The Pennsylvania State University
Cover for the book The Poetry of Line

The Poetry of Line

Drawings by Henry Pearson Patrick J. McGrady
  • Copyright: 2002
  • Dimensions: 8.5 x 11
  • Page Count: 68 pages
  • Illustrations: 38 color/36 b&w illustrations
  • Paperback ISBN: 978-0-911209-54-9
  • Distributed by the Penn State Press
    for Palmer Museum of Art

Published by the Palmer Museum of Art

Henry Pearson is often linked to the Op Art movement of the 1960s because his best-known paintings feature a labyrinth of undulating parallel lines. Yet his work, although included in the landmark exhibition of 1965, "The Responsive Eye," has an intuitive rhythm and poetic elegance that fall well outside the calculated, often hard-edged structures favored by most Op artists. World War II interrupted Pearson’s first career in theater design but led to a prolonged contact with Japanese culture and a passion for painting.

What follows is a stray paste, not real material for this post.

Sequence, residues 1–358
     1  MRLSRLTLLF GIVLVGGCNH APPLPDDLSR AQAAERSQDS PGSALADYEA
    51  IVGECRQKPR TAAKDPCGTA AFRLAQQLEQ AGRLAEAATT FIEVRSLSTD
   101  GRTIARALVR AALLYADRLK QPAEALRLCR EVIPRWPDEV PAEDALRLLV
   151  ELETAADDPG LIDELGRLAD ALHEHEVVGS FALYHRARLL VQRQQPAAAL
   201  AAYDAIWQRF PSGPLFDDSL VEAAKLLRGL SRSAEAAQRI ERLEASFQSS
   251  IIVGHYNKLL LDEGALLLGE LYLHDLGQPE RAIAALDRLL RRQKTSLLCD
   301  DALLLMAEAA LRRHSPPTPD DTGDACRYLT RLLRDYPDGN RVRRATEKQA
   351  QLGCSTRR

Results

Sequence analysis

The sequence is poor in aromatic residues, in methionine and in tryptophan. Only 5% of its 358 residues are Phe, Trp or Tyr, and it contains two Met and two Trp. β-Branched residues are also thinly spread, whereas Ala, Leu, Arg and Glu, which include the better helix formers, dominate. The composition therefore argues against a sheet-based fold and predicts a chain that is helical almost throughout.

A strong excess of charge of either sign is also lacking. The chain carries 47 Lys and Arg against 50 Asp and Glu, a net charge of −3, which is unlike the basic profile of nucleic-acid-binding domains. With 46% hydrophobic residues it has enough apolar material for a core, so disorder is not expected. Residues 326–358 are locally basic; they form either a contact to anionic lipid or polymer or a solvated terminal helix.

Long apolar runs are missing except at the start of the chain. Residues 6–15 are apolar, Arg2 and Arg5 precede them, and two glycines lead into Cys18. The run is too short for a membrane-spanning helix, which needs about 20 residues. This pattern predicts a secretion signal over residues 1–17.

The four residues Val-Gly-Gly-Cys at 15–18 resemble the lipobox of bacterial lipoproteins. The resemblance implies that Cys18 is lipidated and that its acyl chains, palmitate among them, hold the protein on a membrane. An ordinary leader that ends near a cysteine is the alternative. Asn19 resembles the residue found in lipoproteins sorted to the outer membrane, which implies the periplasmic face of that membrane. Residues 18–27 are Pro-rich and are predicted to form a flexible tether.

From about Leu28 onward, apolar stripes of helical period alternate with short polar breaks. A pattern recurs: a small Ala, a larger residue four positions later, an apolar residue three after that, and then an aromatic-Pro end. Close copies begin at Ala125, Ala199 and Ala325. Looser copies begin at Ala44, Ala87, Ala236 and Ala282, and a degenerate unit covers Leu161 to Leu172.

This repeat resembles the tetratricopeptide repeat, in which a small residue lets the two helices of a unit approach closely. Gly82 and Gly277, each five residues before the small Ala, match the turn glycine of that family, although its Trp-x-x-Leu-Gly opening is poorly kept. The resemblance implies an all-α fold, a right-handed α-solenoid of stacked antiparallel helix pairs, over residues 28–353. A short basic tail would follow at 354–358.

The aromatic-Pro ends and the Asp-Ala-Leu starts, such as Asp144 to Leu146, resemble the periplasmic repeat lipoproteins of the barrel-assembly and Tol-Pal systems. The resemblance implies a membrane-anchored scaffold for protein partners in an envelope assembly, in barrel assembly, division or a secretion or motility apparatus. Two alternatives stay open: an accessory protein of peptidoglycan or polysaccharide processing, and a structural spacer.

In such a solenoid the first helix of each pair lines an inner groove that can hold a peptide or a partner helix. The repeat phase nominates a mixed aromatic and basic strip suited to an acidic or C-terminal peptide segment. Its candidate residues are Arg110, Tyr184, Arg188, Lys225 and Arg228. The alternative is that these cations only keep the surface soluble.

Back in New York City, Pearson studied at the Art Students League and, as early as 1959, began to develop drawings he had made during the war from secret Japanese survey maps. Gradually, he transformed a topography of mountains and valleys into nonobjective forms that reflect a personal vision and herald a new era of linear abstraction in his work. The Poetry of Line accompanied an exhibition of Pearson’s drawings from 1959 to the mid-1970s, the years when the artist moved toward geometric abstraction. This work is crucial from the standpoint of draftsmanship because it achieves a status above that of a sketch or study and makes an artistic statement at once complete and intimate.

Patrick McGrady is Charles V. Hallman Curator at the Palmer Museum of Art and Affiliate Assistant Professor of Art History at Penn State University.

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